Agneyi (sans. आग्नेयी, IAST Āgneyī, 'Daughter of the Fire God') is mentioned in the Harivamsha and the Vishnu Purana as the wife of Ūru (a descendant of Angiras) and the mother of the kings Anga, Sumanas, Khyaati, Kratu and Sibi (Harivamsha includes another son, Gaya). Her father Agni is the Hindu God of Fire and has been revered and worshipped throughout the Indian subcontinent right from Vedic times to the modern era.
The masculine construction of the word, Āgneya, has been used as a generic adjective meaning flammable, fiery, consecrated to Agni, ruled by Agni etc. It has also been used as a proper noun epithet of the Agni Purana, the Āgneya Astra, and the cardinal direction of the South East (of which Agni is the Dikpala). The feminine construction Āgneyī is used only as proper noun.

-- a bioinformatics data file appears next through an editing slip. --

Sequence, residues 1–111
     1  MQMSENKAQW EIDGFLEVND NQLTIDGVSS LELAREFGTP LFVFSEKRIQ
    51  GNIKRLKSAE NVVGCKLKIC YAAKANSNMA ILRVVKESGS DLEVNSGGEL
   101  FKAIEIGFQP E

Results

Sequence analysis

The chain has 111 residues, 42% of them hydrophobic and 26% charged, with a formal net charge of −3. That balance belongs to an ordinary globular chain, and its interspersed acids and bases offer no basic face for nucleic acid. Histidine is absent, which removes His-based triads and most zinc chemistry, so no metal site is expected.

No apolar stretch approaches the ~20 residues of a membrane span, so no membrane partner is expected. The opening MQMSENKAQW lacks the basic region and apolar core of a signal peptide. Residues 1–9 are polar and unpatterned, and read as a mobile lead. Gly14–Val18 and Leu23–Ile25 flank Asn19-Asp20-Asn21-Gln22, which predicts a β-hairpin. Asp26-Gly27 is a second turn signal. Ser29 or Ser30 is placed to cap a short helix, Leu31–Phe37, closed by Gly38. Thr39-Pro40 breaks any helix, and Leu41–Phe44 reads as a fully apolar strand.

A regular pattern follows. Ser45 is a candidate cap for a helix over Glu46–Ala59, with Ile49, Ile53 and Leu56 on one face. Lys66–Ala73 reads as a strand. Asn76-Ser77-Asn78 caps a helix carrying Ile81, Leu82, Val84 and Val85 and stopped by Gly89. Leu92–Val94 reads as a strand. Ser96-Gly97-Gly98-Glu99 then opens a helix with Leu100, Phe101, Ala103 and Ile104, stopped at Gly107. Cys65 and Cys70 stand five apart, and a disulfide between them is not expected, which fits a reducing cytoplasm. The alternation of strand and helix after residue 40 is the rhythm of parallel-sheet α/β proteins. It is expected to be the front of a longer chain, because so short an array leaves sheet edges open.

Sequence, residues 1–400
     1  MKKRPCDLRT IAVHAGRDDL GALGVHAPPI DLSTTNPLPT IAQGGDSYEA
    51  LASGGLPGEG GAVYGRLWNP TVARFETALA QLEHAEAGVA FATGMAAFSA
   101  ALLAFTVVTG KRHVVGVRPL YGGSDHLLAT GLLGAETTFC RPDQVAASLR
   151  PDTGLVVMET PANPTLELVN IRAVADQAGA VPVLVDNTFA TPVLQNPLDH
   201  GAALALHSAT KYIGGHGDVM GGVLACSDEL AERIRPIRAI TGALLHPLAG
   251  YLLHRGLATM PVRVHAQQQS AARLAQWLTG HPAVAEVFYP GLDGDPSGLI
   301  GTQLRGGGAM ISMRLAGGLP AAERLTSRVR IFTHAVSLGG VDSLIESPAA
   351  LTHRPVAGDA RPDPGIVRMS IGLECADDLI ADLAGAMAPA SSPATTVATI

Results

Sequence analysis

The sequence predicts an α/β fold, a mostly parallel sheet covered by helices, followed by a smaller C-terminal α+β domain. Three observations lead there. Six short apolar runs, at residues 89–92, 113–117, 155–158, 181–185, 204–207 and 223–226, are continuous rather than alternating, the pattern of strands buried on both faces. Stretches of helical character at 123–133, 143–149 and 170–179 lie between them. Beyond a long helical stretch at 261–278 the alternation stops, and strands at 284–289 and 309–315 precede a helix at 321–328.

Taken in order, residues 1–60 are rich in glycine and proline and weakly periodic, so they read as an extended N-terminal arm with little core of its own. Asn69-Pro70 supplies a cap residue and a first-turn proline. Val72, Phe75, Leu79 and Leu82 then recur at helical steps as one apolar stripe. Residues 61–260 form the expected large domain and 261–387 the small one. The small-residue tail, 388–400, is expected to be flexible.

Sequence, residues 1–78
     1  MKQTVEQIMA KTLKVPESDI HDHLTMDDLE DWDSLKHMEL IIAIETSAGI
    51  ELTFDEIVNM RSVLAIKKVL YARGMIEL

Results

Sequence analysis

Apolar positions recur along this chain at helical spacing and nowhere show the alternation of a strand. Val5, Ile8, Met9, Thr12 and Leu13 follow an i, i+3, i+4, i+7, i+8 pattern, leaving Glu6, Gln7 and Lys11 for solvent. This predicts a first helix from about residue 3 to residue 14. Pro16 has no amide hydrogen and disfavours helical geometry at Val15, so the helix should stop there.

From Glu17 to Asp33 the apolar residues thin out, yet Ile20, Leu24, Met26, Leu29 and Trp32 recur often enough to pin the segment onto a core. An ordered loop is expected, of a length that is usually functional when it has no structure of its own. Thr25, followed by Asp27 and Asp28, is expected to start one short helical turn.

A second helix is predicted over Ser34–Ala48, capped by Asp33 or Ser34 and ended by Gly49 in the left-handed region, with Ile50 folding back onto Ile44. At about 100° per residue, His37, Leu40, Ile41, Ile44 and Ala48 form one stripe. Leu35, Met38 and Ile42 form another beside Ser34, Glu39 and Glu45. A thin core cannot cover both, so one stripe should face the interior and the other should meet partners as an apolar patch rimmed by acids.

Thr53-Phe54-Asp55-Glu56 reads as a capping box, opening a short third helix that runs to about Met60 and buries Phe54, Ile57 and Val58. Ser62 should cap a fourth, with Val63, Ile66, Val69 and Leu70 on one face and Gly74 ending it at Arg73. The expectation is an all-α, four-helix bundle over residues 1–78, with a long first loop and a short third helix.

Significance to Hindu religionEdit
Āgneyī is known in ancient Vedic literature as Āgneyā where she is defined as a divine and powerful Goddess. Her mother is credited to be a consort of Agni interchangeably known as Svaha and Agnāyī (meaning, "Wife of Agni").
It is also suggested that the masculine epithet Āgneya -- used to signify the Southeastern cardinal direction -- actually refers to the Goddess Āgneyā. Likewise, she is also said to be the Shakti of the Āgneya Astra.